February 1st marks the annual first day of Black History Month. One day out of the year, the United States celebrates forefathers and mothers who are still fighting for change. Schools prepare students for speeches, teachers are decorating doors with afro-woman inspiration. This is a time of the where the country acknowledges African American History for the entire month of February.
About Black History
Black History Month is the extension of Negro History Week, the magnum opus belonging to historian Carter G. Woodson and others, according to History. Since 1976 the world gives regard to the month of February as Black History Month. The history behind the narrative began in 1915. Then, Carter G. Woodson and minister Jesse E. Moorland created a movement that monuments Black people and their achievements. The organization was called The Association for the Study of Negro Life and History.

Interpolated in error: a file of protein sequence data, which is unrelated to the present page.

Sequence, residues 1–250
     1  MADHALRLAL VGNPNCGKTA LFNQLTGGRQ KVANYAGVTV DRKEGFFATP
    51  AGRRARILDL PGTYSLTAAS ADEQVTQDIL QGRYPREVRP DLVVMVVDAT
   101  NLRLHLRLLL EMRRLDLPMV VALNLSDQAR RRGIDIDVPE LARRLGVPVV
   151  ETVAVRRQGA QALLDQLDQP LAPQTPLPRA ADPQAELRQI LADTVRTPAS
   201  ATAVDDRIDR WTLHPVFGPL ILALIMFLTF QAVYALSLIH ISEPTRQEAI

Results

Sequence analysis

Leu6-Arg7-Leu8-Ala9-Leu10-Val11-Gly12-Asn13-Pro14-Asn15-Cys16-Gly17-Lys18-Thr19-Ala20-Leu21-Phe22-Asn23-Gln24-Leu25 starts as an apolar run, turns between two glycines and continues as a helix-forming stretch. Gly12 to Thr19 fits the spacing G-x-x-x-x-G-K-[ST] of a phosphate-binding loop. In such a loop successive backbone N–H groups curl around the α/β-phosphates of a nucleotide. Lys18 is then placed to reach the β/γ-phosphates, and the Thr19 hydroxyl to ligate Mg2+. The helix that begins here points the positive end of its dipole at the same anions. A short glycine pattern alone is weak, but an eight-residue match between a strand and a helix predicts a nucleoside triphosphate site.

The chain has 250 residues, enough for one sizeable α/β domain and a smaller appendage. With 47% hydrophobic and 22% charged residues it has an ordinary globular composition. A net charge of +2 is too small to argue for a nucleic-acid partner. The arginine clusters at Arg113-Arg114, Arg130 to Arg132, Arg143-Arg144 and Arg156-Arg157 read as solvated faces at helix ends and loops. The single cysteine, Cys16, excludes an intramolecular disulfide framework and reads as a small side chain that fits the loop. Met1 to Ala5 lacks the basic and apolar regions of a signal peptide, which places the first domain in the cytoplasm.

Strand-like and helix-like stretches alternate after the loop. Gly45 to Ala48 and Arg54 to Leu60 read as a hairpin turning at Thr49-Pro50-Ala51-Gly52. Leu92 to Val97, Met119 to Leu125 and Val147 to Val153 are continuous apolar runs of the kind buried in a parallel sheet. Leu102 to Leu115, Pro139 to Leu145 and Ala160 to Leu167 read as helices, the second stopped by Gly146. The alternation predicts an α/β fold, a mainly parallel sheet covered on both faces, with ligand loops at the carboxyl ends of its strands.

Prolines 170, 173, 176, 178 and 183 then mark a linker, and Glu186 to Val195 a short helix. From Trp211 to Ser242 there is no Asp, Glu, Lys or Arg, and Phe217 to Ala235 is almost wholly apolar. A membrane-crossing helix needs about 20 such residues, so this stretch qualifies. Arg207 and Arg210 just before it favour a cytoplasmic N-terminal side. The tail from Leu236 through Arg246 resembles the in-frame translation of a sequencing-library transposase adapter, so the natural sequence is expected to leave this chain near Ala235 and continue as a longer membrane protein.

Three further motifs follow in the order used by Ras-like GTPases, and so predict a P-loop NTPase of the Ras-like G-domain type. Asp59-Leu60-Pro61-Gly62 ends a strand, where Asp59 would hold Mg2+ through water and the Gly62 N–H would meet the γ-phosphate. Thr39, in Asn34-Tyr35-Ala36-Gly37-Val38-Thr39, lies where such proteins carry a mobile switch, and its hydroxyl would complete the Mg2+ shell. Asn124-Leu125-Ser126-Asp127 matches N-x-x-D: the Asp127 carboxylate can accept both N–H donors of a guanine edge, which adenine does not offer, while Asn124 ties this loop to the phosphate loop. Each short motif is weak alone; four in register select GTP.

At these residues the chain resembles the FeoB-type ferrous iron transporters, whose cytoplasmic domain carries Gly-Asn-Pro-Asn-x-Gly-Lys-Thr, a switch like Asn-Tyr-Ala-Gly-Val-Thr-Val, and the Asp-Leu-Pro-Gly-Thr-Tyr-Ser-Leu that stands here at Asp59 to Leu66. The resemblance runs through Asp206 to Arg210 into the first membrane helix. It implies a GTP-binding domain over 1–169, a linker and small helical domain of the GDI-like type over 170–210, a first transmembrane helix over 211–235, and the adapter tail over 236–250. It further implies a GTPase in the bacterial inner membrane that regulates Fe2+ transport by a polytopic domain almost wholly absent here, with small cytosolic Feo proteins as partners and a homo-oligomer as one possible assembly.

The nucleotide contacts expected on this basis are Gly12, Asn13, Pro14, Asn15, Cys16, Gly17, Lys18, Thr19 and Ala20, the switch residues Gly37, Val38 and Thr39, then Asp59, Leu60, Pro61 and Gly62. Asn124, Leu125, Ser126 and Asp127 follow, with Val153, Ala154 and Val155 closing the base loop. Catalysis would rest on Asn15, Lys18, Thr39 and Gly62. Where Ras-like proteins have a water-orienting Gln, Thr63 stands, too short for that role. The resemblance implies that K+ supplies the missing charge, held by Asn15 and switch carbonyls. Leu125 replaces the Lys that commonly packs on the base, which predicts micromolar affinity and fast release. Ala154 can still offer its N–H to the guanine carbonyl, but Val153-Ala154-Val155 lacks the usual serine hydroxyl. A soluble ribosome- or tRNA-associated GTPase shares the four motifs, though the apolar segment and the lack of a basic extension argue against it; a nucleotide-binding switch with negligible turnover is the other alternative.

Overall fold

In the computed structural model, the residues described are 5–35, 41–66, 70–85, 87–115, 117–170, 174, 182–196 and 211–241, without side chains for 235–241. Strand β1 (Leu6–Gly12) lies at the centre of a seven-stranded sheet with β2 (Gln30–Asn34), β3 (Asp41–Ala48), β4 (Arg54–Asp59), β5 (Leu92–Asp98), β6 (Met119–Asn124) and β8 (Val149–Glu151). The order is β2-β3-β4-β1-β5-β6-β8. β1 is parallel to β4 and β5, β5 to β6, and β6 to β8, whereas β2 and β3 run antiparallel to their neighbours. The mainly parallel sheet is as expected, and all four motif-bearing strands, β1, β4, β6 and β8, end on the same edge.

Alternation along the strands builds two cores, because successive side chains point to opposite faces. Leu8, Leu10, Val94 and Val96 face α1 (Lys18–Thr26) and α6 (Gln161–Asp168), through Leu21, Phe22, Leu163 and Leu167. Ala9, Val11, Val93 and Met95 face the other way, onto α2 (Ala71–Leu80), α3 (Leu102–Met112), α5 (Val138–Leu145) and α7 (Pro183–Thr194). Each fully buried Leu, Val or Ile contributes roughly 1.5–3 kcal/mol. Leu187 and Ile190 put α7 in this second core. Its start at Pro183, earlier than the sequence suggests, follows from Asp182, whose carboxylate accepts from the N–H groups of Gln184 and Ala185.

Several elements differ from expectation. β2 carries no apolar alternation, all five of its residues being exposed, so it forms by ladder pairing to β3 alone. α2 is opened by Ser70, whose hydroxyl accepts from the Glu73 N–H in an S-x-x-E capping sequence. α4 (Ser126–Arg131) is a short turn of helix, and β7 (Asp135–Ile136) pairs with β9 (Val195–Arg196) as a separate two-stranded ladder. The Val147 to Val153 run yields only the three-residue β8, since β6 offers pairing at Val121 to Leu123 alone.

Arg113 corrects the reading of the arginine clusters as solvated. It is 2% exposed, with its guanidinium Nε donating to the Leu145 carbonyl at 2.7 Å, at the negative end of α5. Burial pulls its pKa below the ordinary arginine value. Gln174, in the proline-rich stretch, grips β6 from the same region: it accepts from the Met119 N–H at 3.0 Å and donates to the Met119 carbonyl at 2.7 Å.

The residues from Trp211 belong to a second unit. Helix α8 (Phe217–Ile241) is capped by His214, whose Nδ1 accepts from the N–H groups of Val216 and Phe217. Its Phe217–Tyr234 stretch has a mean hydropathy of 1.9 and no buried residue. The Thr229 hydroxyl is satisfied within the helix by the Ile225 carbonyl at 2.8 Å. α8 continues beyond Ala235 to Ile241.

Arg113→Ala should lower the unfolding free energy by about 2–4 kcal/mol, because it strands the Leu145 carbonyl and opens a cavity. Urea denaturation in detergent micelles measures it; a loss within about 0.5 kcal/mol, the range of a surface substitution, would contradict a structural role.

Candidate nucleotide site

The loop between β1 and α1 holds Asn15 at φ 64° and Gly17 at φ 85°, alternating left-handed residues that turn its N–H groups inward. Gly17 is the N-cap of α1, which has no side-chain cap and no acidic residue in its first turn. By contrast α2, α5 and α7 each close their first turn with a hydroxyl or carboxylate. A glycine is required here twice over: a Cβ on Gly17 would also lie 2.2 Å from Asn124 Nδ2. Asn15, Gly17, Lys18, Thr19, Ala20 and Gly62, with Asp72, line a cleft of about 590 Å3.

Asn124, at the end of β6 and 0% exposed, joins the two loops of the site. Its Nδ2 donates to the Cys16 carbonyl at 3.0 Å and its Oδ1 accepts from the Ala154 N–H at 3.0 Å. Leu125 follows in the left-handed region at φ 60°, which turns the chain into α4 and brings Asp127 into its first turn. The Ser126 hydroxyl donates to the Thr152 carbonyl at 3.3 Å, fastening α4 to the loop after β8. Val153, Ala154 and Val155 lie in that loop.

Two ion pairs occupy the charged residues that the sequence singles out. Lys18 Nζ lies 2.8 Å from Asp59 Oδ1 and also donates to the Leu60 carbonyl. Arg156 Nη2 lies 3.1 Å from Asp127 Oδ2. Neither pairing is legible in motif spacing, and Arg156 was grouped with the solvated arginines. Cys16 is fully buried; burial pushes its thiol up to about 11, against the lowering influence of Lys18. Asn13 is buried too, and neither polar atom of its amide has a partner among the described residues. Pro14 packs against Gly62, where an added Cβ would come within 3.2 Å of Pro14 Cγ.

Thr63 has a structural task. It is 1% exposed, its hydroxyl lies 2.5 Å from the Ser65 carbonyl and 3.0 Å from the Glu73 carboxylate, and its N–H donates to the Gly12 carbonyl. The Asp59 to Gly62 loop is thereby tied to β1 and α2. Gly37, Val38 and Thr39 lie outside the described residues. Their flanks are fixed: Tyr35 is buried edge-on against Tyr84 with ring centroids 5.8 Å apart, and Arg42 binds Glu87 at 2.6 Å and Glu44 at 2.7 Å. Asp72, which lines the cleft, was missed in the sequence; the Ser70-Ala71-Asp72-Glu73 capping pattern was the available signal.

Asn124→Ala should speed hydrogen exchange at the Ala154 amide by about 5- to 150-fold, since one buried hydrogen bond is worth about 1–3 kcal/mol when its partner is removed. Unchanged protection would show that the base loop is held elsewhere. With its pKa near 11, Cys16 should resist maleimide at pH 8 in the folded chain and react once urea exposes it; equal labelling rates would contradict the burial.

African American culture is rich in heritage from the roots of Africa. After coming to America, new African Americans introduced different subcultures, the making of African American culture. African American culture derives from the common struggle in African American communities. Family reunions, backyard BBQs with loud music and Miller High Life are like holidays in communities all over America. Sara Clarke Kaplan states that, “There is no American History without African American History.”
Undoubtedly, the African American struggle continues with new issues of today and old issues of yesterday. African Americans celebrate their history all year with holidays like Juneteenth, the marking of when slaves gained their independence.
Nevertheless, America is working to make equality paramount, starting with the Black Lives Matter movement. Because the movement was such a widespread movement all over the world, it advocates changes, especially in the workplace. Since then, African American businesses are thriving at a fast rate.
What it Means to be Black
Being black, American or not means to be different.